EXPECTATIONS OF THE GREAT SOUL

Aristotle’s “great soul,” high-minded,” “magnanimous” person expects, deserves

Great things—Which are . . . ?

The world’s greatest benefit is the attribution of honor

People find wealth, fame, and power attractive

But such things, and such people, are fatuous

The attribution of honor above all rests on the good person

Sadly, is this the way of the world?

Good people love the good, and honor attaches to love

Craving for honor can detach from love

Fatuous honor so acquired

Judgments, judgmental, praise and antipathy

The necessary tasks in self-perfection

Secular sins for psycho-babble, hence popular parlance

 

The great soul bears intervals of fortune with equanimity

And so expects not position, occupation, income

I expect, expected, position, occupation

I spat out my bitterness and contempt

“Take away the thought, ‘I have been harmed,’

“And you take away the harm.”

Taking Epictetus to heart, I rethought my expectations, my bitterness

The great soul, if he or she exist

In all things remains equanimous

I struggle; good men can

Perhaps in another world, or at another time

I’ll be at peace

Some glad morning

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Fame

Fame and success are not always meted out in a person’s lifetime.  Some great artist were relatively obscure in their own lives, and did not know that they would be important later, after their demise.  All they knew was that their work didn’t catch on.  And they were unknown–and that, for their whole lives.  They didn’t make it.

William Blake was known to some of the Romantic poets, but achieved no real fame.  Shelley wrote these verses about his own life,

Alas! I have nor hope nor health,

Nor peace within nor calm around,

Nor that content surpassing wealth

The sage in meditation found,

And walked with inward glory crowned—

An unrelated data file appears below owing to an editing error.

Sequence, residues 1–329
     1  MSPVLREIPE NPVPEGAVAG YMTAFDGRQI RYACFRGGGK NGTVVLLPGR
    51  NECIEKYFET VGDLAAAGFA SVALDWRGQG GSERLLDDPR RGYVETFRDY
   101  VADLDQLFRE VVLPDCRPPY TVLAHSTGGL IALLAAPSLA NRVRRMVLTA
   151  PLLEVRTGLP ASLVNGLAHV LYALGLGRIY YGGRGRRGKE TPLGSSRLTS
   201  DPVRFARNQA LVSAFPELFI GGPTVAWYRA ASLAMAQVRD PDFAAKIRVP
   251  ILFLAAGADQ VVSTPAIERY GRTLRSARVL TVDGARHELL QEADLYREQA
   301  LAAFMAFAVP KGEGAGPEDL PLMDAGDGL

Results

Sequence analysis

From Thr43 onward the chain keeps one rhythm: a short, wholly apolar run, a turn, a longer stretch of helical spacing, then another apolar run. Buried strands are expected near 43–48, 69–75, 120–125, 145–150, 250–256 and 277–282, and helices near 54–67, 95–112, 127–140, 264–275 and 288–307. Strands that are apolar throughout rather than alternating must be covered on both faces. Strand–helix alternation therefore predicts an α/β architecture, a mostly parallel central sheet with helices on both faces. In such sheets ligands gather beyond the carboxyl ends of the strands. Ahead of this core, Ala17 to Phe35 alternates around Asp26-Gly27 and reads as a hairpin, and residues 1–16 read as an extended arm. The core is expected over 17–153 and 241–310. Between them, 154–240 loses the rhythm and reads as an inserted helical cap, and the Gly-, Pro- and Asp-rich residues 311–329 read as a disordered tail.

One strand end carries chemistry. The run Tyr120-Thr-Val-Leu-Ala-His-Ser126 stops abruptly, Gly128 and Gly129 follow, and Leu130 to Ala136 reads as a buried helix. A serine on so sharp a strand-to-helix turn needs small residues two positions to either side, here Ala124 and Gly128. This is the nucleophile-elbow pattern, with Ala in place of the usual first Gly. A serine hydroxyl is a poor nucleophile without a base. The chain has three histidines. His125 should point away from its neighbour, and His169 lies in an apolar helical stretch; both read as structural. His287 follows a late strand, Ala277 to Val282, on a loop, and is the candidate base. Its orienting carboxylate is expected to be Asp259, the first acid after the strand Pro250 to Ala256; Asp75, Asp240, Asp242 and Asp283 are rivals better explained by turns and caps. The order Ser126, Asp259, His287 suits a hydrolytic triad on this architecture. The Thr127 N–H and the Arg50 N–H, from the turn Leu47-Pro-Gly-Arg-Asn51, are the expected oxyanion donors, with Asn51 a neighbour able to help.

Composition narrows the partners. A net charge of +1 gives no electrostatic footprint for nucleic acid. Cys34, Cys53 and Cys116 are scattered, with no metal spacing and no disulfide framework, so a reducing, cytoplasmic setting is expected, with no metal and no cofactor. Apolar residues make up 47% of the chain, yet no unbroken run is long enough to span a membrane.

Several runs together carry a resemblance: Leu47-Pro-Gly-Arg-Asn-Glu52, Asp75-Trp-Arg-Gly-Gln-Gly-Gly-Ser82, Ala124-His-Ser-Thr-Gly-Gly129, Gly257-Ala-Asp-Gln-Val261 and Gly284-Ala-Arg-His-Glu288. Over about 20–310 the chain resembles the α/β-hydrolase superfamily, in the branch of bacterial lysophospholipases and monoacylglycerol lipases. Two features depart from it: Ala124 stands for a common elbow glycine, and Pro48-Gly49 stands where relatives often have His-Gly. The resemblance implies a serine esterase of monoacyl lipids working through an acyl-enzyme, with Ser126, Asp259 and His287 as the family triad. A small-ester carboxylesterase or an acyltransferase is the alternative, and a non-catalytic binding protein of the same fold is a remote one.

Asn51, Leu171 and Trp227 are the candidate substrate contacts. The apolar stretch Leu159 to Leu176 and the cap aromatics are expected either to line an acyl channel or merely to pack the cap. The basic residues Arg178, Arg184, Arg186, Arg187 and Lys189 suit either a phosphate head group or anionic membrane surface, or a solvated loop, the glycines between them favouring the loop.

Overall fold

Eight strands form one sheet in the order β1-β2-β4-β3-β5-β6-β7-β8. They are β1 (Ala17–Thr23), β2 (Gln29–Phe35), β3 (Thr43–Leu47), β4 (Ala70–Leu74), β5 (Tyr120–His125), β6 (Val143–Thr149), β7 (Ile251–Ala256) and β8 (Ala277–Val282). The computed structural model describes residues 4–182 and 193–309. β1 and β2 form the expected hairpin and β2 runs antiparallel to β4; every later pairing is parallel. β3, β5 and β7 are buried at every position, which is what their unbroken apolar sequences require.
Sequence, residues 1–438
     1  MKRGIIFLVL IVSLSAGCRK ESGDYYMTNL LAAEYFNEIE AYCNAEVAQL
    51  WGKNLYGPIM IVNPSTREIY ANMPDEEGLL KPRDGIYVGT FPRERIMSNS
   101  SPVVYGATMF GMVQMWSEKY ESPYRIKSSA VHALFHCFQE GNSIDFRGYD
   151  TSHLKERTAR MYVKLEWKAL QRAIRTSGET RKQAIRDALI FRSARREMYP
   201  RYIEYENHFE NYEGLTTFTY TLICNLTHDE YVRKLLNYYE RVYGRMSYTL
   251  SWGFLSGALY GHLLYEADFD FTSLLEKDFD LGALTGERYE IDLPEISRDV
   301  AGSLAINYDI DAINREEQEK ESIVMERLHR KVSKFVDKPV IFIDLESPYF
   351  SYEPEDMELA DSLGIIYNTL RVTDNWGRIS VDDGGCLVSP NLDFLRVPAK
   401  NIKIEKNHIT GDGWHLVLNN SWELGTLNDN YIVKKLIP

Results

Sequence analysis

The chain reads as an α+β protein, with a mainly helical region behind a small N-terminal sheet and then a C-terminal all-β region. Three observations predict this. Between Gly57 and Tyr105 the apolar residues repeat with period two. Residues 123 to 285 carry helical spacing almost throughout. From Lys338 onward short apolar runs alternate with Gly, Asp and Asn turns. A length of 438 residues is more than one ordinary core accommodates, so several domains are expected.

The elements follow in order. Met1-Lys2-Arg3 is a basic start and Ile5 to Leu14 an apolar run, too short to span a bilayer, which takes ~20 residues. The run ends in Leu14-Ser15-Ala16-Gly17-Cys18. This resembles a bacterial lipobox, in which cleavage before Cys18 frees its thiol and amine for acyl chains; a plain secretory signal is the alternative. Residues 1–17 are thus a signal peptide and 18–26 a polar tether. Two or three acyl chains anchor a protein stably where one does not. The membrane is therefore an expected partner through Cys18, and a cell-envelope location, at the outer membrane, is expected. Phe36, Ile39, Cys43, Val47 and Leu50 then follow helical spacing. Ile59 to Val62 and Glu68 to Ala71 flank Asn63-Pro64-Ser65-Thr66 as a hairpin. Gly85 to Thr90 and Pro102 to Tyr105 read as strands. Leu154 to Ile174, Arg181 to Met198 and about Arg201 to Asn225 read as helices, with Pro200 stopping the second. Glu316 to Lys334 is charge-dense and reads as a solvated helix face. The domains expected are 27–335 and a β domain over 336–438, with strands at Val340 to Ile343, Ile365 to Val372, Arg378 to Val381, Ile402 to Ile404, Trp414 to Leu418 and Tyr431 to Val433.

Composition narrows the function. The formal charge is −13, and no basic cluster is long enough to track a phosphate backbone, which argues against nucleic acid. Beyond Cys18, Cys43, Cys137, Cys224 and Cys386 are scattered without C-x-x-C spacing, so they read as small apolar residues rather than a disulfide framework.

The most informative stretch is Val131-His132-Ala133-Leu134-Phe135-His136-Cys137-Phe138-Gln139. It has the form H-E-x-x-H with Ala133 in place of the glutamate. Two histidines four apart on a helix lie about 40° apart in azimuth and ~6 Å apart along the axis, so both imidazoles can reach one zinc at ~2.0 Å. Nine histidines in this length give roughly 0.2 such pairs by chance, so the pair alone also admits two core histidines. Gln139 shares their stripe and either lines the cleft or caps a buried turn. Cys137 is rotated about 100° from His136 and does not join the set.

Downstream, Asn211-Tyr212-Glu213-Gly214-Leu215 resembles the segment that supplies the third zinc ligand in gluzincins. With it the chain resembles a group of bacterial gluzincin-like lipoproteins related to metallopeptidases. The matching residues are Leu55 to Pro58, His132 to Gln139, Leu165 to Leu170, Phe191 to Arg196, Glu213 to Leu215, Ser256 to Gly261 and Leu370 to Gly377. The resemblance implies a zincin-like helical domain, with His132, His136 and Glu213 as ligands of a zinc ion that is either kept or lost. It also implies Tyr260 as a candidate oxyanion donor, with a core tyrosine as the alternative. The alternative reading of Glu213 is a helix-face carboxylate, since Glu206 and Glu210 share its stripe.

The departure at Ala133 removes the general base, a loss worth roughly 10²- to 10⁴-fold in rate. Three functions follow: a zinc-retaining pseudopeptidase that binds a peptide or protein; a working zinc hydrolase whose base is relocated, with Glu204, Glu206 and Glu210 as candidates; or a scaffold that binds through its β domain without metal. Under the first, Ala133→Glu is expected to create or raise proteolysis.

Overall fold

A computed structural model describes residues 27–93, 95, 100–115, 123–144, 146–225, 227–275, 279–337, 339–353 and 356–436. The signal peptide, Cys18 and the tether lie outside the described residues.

Nor fame, nor power, nor love, nor leisure.

Others I see whom these surround—

Smiling they live, and call life pleasure;

To me that cup has been dealt in another measure.

F. Scott Fitzgerald had fame and money, but failed to find critical acceptance as an artist.  His greatest novel, The Great Gatsby, didn’t sell much and went out of print in a few years.  Fitzgerald died thinking himself a failure.

Now we study Blake, Shelley, and Fitzgerald in literature classes, and all these writers are considered great.  Every high school student in the United States reads The Great Gatsby.

Hemingway and T.S. Eliot had fame all through their lives, and the respect of the artistic community.  Hemingway also had wealth.  Intellectual fashion is now debating whether they are still as great as they used to be, but I suspect the laurel wreath will not be taken away in the end.

But Shelley and Fitzgerald had respect among the community of artists in their day.  Coleridge and Wordsworth knew and respected Shelley.  And Hemingway was Fitzgerald’s close friend.  Even in Hemingway’s scathing stories about Fitzgerald in A Moveable Feast, Hemingway praises Fitzgerald as a great artist.

Fame may not be the best measure of a person’s worth.  Respect from one’s peers, self-respect, believing in oneself, and the joy of creation alone are not fame, but are abiding satisfactions in lieu of fame.  While an artist wants recognition, it is satisfying to enjoy one’s own creations privately, while perhaps also enjoying favorable reception from a few who matter.